The very broad powers invested in school boards by § 15-29-08, N.D.C.C., the broad statutory authority provided to school boards to set up various special funds, the expansive language employed in §§ 57-15-14.2, *462 57-15-16, and 57-15-17, N.D.C.C., the legislative history of §§ 57-15-14 and 57-15-14.2, N.D.C.C., and the discretion afforded school boards in transferring funds by Stinson v. Thorson, supra, lead us to conclude that a school board has implied authority to transfer money from the district's general fund to its building fund.
Petitioners say that allowing a school district to transfer money from the general fund to the building fund will circumvent the will of the voters because a "proposal to go above the 180 mill limit [of § 57-15-14, N.D.C.C.] must be approved by 50 or 55 percent of the voters" while "the building fund specifically requires a 60 percent majority of the voters to change or alter the funding for the building fund. N.D.C.C. § 57-15-16." Petitioners have not shown how transferring money from the general fund to the building fund circumvents the will of the voters to decide whether to impose an optional building fund levy, which requires approval by sixty percent of the electors at a school election. The court addressed board accountability in Stinson v. Thorson, supra, 34 N.D. at 384, 158 N.W. at 353-354:"It by no means follows from this that the board has a free hand, or is justified in raising a sum for teachers' salaries and contingent expenses grossly in excess of the amount believed to be `sufficient to maintain efficient and proper schools in the district,' as prescribed in section 1302; but, as the language in section 1298 clearly indicates, the sum to be raised from time to time for the various enumerated purposes is left to determination by the board within its wise discretion as necessary and proper, and a gross and willful abuse of such discretion may be remedied only at the polls, or possibly by removal from office pursuant to Compiled Laws, § 1326. The object of section 1311 requiring a report of the treasurer to be published just prior to the annual school election, containing a detailed statement of all monies received and expended, is for the evident purpose of acquainting the electors of any such dereliction of duty on the part of the members of the board, and with a view of enabling such electors to seek a remedy at the polls by electing others in their stead."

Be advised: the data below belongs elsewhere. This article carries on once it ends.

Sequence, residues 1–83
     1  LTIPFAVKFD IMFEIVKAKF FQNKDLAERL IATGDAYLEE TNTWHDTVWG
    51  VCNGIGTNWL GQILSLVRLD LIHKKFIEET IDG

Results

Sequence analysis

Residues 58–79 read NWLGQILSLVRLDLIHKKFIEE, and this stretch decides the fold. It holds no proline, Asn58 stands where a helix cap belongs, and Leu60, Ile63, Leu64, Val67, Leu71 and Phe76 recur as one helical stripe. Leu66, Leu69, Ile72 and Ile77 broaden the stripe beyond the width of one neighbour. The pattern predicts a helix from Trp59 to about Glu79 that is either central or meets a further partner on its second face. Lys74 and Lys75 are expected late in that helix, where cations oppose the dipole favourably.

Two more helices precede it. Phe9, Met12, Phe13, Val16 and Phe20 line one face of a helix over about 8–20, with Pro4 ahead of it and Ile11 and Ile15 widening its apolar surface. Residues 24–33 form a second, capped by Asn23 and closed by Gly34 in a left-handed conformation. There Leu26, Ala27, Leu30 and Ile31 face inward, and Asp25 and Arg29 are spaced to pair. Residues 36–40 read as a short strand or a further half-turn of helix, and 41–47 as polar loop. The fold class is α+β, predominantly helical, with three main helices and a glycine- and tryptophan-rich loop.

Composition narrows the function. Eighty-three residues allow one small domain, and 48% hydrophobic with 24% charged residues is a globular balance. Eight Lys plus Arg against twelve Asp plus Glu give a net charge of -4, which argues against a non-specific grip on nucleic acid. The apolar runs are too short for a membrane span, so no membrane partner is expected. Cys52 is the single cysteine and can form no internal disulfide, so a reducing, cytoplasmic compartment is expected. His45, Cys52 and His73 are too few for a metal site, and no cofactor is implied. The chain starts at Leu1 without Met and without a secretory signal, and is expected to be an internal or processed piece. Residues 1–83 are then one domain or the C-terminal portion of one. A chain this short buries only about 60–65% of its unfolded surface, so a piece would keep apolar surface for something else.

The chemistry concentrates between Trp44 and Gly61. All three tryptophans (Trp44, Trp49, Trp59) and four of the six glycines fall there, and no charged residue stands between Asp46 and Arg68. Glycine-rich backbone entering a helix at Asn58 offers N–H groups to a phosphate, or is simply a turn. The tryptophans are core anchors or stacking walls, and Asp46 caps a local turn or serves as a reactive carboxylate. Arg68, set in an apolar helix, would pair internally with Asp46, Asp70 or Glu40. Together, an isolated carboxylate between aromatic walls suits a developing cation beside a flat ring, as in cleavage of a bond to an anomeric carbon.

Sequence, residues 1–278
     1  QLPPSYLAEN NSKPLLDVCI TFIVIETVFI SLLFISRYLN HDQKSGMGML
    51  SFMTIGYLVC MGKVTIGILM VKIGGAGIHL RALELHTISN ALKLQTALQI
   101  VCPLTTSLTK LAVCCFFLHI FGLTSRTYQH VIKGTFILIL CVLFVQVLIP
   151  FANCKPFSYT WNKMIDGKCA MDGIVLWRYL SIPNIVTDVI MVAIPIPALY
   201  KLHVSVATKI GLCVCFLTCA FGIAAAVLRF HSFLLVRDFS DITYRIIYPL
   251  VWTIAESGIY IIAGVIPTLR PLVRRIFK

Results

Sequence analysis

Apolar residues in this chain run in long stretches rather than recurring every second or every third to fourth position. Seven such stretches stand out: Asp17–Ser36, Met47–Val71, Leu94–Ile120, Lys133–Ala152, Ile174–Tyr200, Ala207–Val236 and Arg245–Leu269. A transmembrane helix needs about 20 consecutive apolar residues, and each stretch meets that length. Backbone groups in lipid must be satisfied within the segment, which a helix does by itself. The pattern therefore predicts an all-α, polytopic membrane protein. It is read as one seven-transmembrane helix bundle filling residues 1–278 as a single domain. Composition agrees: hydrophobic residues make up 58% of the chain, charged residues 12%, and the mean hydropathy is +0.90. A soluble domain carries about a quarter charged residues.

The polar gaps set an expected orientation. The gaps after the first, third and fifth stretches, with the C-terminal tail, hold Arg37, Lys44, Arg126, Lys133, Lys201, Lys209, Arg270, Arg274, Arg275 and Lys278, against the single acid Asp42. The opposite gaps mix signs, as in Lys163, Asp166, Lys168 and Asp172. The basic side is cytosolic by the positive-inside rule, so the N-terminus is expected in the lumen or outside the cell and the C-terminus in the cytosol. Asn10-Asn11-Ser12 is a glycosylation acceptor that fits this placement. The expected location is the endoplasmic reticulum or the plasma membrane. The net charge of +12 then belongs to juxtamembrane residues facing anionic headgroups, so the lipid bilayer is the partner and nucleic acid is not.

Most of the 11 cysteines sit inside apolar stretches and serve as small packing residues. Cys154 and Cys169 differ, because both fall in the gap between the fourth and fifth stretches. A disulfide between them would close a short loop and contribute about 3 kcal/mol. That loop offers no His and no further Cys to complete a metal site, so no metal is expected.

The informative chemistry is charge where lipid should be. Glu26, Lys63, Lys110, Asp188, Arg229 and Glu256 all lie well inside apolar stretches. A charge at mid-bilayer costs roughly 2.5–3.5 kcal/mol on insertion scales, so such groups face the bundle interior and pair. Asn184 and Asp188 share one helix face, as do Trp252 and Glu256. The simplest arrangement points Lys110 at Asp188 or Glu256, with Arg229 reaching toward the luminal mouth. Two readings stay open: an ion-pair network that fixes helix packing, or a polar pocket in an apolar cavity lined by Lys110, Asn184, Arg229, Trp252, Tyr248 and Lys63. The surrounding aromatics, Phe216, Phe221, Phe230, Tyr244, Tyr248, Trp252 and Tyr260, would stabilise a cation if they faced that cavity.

Section 15-29-08(17), N.D.C.C., requires a school board to publish a report of financial condition each year. No question has been raised with regard to the School District's accumulation of general fund monies sufficient to allow a transfer of $1,200,000 to the building fund in light of § 57-15-13, N.D.C.C., which provides in part:"The school board of each public school district, in levying taxes, shall be limited by the amount necessary to be raised for the purpose of meeting the appropriations included in the school budget of the current fiscal year, and the sum necessary to be provided as an interim fund, together with a tax sufficient in amount to pay the interest on the bonded debt of the district and to provide a sinking fund to pay and discharge the principal thereof at maturity."
Petitioners have informed us that in the 1987 North Dakota legislative session, "Senate Bill 2043 was introduced to facilitate the transfer of general fund monies to the building fund" and was defeated. They argue that the introduction of this bill supports their position that our statutes do not authorize the school board to transfer general fund monies to the building fund. We pointed out in State ex rel. Spaeth v. Eddy Furniture Co., 386 N.W.2d 901, 905 n. 4 (N.D.1986), the futility of trying to "glean an intent" from the Legislature's defeat of a bill. We are no less convinced of the futility of an endeavor to glean an intent from the mere introduction of a bill.
Because the District was authorized to transfer money from its general fund to its building fund, the Petitioners had no right to performance of the act sought to be compelled-replacement of the funds transferred from the general fund to the building fundand the district court did not abuse its discretion in denying the petition for a writ of mandamus.
*463 ERICKSTAD, C.J., VANDE WALLE, MESCHKE and GLASER, District Judge, concur.
GLASER, District Judge, sitting in place of GIERKE, J., disqualified.NOTES
 We note that the Attorney General has also long advised that a school district may expend general fund money for any legitimate school purpose. See, e.g., May 26, 1966, letter from then Assistant Attorney General Gerald W. VandeWalle to Anna M. Orser, Steele County Superintendent of Schools.